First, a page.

Step 2

Once contract papers are sent to us, your conveyancer’s main work begins, and they should do 2 things:

1. They check through the sellers’ contract papers and they raise enquiries on any deficiency.

2. They send off the usual conveyancing searches (Local Authority, drainage, environmental and chancel repair).

Both 1 and 2 can take several weeks or more, unless there is a pre-agreed timescale.

NOTE: By this stage, you should seriously consider a survey. To obtain a mortgage your lender will instruct a valuer to inspect the property and produce a valuation report to simply establish its market value. It is not advisable to rely on this valuation alone because the condition of the property is not considered in any great detail and it is for the lender’s benefit. You should arrange for a more detailed inspection called a “Home Buyers Report” or even a “Full Structural Survey” especially if the property is very old. Your survey will identify the true condition of the property and show if any repairs are needed. The survey can be very cost effective because if anything is found to be wrong with the property after exchange of contracts the seller is not liable and any necessary repairs will be at your expense.

Step 3

Once your lawyer is happy with the search results, and the contract papers, they do 2 things:

1. You should receive a written Property Report – in plain English – of all the contract papers they have received. This report tells you about your boundaries, items being left at the property, any previous building works/alterations that have been disclosed, any restrictions in your deeds which you will have to comply with (i.e. no alterations, no business use, no trade vehicles at the Property) etc.

2. Along with the report, you are also sent the contract for signing and request a 10% deposit, (unless you are also selling in which case they would hope to use your buyer’s 10% deposit to fund yours) both for sending back – your conveyancer will hold them both until you give permission for them to exchange contracts. At this stage, you can raise any of your own enquiries arising from the content of the report.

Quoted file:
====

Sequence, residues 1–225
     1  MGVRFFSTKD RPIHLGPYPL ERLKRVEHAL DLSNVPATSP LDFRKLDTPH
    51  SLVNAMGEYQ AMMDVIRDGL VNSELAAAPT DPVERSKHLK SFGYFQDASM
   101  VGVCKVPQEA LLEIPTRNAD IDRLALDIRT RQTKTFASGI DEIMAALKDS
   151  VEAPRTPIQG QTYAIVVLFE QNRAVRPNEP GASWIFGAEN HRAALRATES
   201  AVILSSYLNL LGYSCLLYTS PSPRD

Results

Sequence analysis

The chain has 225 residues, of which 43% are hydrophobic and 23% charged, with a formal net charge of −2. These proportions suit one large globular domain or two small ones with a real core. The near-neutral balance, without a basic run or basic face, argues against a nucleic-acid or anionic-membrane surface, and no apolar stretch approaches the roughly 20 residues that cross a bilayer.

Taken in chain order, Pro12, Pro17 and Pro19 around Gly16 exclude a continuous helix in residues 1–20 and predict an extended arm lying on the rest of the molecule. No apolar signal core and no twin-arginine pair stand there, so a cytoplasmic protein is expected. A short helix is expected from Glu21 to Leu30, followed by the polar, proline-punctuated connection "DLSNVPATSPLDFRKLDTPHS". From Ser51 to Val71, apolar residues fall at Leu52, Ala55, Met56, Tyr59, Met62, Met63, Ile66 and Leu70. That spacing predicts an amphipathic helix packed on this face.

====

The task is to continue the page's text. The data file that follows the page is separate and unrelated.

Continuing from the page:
Step 4

Your conveyancer checks your finance is in place ready to allow an exchange of contracts:

1. Either that your mortgage offer has been issued to you (and a copy to your lawyer) or

2. You have private means of purchasing in place without needing a mortgage.

Step 5

Exchange of contracts. After any outstanding issues with your survey and enquiries have been dealt with, an actual move date is finally agreed, (and your related sale if any is also ready) and finances are in place, it should be possible to proceed to exchange contracts.

NOTE: It is your responsibility to ensure that buildings and contents insurance exists for the property at this time (and where a mortgage is required this is a condition of the mortgage offer as well as under the contract).

Step 6

Before completion. Your moving date or more commonly ‘completion date’ is normally a week or two after exchange of contracts. Your lawyer will prepare by requesting mortgage funds, and by carrying out Land Registry searches to ensure that the Sellers have not added anything on to their title deeds, which you would otherwise take over (e.g. a second mortgage).

Step 7

Moving day (i.e. completion). On the date of completion (your conveyancer receives your own buyer’s money if you have a related sale and then) they transfer the remaining purchase price to the sellers’ solicitor. On receipt they authorise the release of keys through the estate agents (where there is one). You collect the keys from the agents. Your conveyancer will telephone you to confirm that you may collect your keys and move into your new home.

Step 8

After completion. While you move in to your new home, your conveyancer continues working for you behind the scenes. They will pay Stamp Duty on your behalf to the Inland Revenue and register your ownership of the property with the Land Registry. The registration process usually takes between four to six weeks.